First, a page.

T Nation

Bulking/Cutting as a "Novice" Lifter

strength
powerlifting
nutrition

#1

I’ve been bulking for a while now (or in my case, just eating a shit ton), and after some research, I should be cutting down first so I can be lean and then do a clean slow bulk. Last couple of weeks I was something like 189 and now I’m 195.2lbs. I may have skipped the “slow” part and I understand that a lot of the pounds I gained turns into fat, but I’ve noticed lots of muscle gain.

Height: 6"

Age: 19

Bench: 195

Dead: 255

OHP: 115

Squat: 225

BF: 15% (pretty sure this is bullshit. I have mad love handles and I used an online calculator. I’ll find a more accurate measurement with that pinch tool).

Should I be cutting down to something like 10% BF before I start bulking?

I’ve been told these 1 rep maxes for someone like me is “novice” stats. So I was thinking whether I should even start this bulking/cutting phase or I should just focus on a caloric surplus (less that what I’ve been doing) and getting strong. What do you think?

I’m following BBB 5/3/1 by Jim Wendler for strength and a bit of hypertrophy assisstance.


#2

BBB is for size though.

You need to eat to support recovery from training. BBB should be placing a good demand on you. Keep in mind, Jim aims for trainees to get all the BBB work done in under 20 minutes. Give that a try and see what your recovery demand is like.


#3

Or just don’t. It’s a spectacularly useless piece of information.

5/3/1 BBB on anything except a reasonable calorie surplus is a bad idea. If you can give us an idea of what your ultimate end goal is, we might be able to steer you in the direction of a better idea.


#4

I think the fatter you are harder it is to gain muscle as a proportion of total weight gain.

The closer to beginer we are the more and faster we gain muscle.

We can only gain muscle so fast so getting super big super fast will have us gaining more fat than we’d like.

I think a photo would give a good indication of where you’re at. Not like some Instagram filter flexed bullshit but a honest realistic pic. Everyone hates on specific numbers but maybe comparing your pic to a specific look would be helpful (look this up online)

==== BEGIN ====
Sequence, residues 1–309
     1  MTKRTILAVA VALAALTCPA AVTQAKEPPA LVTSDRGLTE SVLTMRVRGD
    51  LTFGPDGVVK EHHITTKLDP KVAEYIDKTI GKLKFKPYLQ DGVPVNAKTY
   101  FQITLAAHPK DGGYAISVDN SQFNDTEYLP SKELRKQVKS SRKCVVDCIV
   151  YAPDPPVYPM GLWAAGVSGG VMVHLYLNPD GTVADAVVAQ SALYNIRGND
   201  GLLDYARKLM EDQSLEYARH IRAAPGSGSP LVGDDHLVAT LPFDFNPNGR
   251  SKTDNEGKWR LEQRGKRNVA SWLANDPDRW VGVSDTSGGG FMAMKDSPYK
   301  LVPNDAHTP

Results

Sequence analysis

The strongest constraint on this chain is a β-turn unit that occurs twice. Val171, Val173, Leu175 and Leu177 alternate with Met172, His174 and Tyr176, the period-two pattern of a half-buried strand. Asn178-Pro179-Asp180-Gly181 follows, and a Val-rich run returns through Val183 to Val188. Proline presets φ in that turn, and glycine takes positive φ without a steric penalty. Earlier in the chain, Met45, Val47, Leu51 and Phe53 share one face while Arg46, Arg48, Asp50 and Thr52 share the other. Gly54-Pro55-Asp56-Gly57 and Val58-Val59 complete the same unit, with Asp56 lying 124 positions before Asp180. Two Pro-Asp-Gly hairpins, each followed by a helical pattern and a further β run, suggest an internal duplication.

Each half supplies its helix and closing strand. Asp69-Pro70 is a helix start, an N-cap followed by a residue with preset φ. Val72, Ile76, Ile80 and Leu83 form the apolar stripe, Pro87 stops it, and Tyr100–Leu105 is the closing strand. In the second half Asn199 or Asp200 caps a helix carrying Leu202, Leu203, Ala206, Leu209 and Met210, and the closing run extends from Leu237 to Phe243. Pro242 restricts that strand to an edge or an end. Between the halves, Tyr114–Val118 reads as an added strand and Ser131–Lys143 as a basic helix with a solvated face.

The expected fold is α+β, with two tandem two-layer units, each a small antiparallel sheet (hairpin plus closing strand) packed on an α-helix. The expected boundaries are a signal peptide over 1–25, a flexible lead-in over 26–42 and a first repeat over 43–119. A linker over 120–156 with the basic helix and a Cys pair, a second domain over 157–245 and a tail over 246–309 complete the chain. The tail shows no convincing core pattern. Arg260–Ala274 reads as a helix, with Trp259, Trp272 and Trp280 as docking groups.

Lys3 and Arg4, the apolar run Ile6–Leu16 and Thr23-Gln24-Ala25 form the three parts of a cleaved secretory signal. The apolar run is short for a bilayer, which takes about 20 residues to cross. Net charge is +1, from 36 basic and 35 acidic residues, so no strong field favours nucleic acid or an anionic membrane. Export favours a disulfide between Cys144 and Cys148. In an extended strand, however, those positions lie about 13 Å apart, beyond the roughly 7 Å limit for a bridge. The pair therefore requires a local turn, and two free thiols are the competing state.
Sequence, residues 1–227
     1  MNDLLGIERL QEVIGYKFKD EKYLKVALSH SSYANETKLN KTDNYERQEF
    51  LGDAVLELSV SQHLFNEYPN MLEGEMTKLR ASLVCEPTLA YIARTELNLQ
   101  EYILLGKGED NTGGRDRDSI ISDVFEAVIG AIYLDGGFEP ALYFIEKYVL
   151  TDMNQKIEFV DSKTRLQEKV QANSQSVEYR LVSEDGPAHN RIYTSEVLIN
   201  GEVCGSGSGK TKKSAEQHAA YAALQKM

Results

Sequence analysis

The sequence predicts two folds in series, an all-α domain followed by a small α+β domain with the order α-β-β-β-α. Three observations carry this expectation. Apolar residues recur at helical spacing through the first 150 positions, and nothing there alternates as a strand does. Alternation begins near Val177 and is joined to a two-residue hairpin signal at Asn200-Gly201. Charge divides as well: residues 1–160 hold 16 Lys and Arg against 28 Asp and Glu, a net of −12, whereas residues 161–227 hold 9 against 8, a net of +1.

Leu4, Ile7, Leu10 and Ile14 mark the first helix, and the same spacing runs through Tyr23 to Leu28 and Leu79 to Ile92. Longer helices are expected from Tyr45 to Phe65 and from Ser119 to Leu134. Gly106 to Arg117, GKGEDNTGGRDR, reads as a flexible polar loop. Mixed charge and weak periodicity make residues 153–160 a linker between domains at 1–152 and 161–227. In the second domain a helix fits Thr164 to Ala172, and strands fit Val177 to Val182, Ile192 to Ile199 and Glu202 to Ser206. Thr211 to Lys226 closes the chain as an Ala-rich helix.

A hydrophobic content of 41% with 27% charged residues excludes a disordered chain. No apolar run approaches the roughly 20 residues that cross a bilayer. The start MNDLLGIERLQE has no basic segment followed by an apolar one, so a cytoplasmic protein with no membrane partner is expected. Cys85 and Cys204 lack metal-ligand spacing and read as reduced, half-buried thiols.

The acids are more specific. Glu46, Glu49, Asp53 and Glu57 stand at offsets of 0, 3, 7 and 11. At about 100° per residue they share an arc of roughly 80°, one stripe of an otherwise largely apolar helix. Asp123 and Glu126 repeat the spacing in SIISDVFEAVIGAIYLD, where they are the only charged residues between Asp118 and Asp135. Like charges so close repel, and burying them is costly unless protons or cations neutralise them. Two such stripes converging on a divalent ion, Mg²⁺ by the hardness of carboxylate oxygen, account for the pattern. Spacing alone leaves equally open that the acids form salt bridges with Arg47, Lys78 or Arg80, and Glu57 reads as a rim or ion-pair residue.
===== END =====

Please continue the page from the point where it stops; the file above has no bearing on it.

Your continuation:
If you’re super fat like untested SHW fat. Just a massive fat cunt lol then maybe cut. I don’t think you are from your stats though so slow bulk, eat enough protein and keep making gains in the gym it is.


#5

I’m just looking to get stronger, but at the same time not look like I eat cake for a living. I’ll send pictures in thread of what my body looks like, but

I was told that you should be getting strong first before focusing on hypertrophy work shit. I agree though, that I need a caloric surplus for BBB, which is why I’m asking whether I should cut first then go on a clean bulk on BBB.

Some people told me to cut until 10% so I could lose excess bf, and others told me it’s fine and keep bulking so I’m kind of lost.


#6

Took this in the morning. I don’t think I’m a fat cunt, but I never tried to cut as you can see. I’m thinking of cutting then going on a lean bulk. What do you think?


#7

I know it’s for size, I completely agree with you there, but isn’t it also for strength? It follows the 5/3/1 method, no? Also, I was looking to get stronger first, but I was thinking of cutting to 10% so I could lose the excess fat then slowly lean bulk and go by BBB. In fact, someone actually recommended the beginner routine since my stats are low. Should I just cut first? I sent a picture of where I’m at up in the thread if you need a better place of judgement.

Thanks for the reply.


#8

I think this may be your finest work @guineapig

@angomango you don’t look super fat, but the photo is pretty terrible so it’s hard to tell. Front relaxed and profile relaxed would be best. Prop your phone up on something.


#9

Just call me InformativePig from now on


#10

No. “Boring but big” is for size, hence the “big”.

Absolutely so. Specifically, BBB is typically a leader program. It has hard supplemental work and light main work, with the focus on building size and accumulating volume. Strength is realized when the main work is pushed hard and the supplemental work is easy.

The rule of thumb I always employ is this: if you want to be bigger, you should eat more. If you want to be smaller, you should eat less.